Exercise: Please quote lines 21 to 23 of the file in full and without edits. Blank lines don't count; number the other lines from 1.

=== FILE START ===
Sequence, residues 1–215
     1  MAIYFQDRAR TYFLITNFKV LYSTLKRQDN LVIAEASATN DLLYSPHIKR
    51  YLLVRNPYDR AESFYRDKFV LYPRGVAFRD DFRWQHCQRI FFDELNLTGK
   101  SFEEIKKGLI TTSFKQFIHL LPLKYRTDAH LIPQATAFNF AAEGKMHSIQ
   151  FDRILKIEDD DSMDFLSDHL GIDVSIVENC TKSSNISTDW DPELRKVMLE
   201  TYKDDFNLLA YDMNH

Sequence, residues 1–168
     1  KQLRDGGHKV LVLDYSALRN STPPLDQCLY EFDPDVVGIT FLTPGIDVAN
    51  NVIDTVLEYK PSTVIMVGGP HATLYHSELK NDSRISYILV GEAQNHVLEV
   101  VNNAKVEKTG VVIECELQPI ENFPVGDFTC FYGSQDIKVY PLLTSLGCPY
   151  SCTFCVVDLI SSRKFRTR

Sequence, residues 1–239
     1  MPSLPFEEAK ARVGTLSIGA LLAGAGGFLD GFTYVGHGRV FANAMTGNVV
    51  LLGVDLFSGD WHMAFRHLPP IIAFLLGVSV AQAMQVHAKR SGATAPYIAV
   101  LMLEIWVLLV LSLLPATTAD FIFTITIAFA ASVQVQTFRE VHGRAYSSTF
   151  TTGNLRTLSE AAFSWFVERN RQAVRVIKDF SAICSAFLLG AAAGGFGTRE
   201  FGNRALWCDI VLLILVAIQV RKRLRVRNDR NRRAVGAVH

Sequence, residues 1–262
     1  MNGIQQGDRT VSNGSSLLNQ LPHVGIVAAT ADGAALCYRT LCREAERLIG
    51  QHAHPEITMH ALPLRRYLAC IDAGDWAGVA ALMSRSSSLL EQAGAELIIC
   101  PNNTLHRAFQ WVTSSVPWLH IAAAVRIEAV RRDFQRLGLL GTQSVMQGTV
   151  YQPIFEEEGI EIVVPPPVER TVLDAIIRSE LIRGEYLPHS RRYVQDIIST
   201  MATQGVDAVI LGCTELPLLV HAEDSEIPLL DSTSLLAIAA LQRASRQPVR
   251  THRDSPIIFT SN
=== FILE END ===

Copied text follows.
   101  PNNTLHRAFQ WVTSSVPWLH IAAAVRIEAV RRDFQRLGLL GTQSVMQGTV
   151  YQPIFEEEGI EIVVPPPVER TVLDAIIRSE LIRGEYLPHS RRYVQDIIST
   201  MATQGVDAVI LGCTELPLLV HAEDSEIPLL DSTSLLAIAA LQRASRQPVR